Not bad for a device that occupies the murky middle ground between small tablet and super-sized smartphone. As we noted recently, the display on the Galaxy Note II measures 5.5 inches, corner to diagonal corner, which is an inch and a half larger than the already-pretty-big 4-inch display on the new Apple iPhone 5. (For an extra point of comparison, the Kindle Fire has a 7-inch display.) It even comes with a stylus to help navigate all that screen space.
"The biggest problem with the Galaxy Note II is the one that’s inherent to its size: You cannot comfortably use it with one hand," Newman wrote. "Sure, you can flip through the home screen and scroll through apps with your thumb, but good luck tapping something at the top of the screen, or reaching beyond the home button to either the back or menu buttons (depending on which hand you’re using)."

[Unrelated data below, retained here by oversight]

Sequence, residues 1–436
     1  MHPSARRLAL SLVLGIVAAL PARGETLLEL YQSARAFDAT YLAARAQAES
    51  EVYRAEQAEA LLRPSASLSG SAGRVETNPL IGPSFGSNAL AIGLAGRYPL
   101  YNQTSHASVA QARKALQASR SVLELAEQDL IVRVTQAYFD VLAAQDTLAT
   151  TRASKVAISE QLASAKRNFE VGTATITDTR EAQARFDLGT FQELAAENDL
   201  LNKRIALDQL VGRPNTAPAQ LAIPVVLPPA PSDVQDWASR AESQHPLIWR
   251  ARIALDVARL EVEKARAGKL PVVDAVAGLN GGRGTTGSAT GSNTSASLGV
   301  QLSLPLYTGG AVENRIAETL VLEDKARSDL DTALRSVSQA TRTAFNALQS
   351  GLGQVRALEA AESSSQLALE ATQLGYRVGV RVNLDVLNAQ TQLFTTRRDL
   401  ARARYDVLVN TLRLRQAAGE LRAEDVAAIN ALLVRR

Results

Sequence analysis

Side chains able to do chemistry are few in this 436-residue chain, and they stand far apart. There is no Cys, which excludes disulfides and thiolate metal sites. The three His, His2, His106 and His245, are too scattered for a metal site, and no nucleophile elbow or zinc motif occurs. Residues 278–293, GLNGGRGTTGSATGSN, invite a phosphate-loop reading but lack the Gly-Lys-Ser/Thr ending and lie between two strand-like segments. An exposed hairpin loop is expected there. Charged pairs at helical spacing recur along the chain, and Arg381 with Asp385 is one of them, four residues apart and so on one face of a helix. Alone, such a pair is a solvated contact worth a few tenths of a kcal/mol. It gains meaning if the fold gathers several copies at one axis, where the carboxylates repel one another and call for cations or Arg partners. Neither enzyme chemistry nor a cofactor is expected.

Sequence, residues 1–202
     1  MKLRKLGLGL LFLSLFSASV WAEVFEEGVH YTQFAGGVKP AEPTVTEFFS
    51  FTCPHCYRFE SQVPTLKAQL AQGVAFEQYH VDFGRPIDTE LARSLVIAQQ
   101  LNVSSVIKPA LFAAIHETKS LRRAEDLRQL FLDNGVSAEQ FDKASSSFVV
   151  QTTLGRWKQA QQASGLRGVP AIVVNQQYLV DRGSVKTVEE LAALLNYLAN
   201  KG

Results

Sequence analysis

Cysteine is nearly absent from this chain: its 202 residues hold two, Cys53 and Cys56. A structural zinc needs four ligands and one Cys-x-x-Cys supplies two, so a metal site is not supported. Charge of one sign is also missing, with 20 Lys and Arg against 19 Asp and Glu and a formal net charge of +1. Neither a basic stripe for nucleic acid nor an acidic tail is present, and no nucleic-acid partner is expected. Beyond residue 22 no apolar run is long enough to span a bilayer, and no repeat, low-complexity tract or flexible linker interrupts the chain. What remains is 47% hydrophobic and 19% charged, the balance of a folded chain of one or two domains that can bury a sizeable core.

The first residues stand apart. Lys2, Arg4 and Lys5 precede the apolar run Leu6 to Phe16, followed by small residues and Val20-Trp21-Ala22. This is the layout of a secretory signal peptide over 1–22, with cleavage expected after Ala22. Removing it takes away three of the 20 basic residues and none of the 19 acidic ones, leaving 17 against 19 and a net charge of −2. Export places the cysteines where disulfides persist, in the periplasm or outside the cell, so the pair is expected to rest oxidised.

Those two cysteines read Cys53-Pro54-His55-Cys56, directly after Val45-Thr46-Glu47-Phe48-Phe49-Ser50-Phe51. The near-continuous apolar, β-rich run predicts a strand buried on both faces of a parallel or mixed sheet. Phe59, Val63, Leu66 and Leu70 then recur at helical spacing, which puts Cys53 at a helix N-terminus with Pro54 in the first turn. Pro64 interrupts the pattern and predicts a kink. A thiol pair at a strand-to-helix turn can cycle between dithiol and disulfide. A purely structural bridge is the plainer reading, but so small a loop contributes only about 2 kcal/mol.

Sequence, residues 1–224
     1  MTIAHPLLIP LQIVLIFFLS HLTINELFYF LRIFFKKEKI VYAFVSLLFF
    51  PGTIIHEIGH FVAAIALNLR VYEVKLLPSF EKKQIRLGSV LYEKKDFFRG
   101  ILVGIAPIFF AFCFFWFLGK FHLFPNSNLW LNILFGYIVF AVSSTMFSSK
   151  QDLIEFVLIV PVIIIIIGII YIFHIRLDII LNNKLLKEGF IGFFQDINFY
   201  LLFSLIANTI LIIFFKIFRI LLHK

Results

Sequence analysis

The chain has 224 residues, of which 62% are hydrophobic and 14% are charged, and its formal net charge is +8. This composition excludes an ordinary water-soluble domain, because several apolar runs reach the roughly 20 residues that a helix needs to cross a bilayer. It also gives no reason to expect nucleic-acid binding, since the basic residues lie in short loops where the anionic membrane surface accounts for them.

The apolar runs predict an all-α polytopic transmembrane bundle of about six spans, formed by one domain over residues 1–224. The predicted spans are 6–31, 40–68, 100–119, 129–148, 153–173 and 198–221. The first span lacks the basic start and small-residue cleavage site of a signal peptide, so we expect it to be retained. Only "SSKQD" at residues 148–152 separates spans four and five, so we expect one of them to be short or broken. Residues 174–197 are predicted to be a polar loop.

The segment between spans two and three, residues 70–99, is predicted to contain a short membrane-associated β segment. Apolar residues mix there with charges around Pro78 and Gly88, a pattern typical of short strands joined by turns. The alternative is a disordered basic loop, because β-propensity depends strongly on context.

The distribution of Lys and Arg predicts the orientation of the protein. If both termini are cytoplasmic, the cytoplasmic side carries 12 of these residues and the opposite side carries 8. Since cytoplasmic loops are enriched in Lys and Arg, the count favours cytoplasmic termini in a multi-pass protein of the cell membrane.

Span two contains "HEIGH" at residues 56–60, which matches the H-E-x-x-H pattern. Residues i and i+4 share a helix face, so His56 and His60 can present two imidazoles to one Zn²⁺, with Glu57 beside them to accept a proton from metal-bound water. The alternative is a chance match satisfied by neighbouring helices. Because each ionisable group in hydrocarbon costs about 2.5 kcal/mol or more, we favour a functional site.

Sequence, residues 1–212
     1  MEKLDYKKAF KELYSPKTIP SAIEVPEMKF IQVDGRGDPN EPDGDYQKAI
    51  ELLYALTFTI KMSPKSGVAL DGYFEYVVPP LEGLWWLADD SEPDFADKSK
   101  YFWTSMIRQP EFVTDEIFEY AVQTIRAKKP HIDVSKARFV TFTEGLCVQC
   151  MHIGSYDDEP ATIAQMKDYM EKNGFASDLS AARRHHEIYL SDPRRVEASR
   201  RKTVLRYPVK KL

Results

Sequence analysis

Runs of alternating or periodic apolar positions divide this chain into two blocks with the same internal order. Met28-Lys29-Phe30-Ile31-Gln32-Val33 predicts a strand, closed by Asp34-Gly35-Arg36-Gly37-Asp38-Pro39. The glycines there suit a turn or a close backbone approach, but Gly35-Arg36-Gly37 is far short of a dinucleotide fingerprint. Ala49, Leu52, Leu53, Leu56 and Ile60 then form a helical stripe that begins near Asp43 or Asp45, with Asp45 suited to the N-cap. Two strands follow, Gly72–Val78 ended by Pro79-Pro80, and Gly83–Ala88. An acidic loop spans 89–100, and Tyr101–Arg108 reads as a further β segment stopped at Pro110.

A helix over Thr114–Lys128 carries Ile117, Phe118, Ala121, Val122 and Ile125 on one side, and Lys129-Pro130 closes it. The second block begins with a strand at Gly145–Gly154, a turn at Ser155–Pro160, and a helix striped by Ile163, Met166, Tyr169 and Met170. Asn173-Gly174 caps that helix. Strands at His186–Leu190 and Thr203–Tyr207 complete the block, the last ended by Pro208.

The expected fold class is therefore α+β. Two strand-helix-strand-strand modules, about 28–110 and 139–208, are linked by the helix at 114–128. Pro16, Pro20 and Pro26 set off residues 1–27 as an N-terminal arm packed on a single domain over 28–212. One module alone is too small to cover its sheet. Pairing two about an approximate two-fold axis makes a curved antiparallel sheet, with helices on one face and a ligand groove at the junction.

Question: Does the success of the Galaxy Note II, a close cousin of the best-selling Samsung Galaxy S III, portend a rosy future for the "phablet" market? After all, plenty of other manufacturers have gotten into the game in recent months, including HTC, which recently released a very big smartphone called the Droid DNA (more on that here).
The answer, in our opinion, is a qualified yes. There is obviously a market for plus-sized smart phones, although demand lags behind demand for more conventionally sized devices.
"Despite hitting the 5 million figure," writes Zack Whittaker of CNET, "the Note 2's sales are way behind that of the Galaxy S III: Samsung sold 20 million of its flagship smartphone in the first 100 days after its launch."
For more tech news, follow us on Twitter @venturenaut.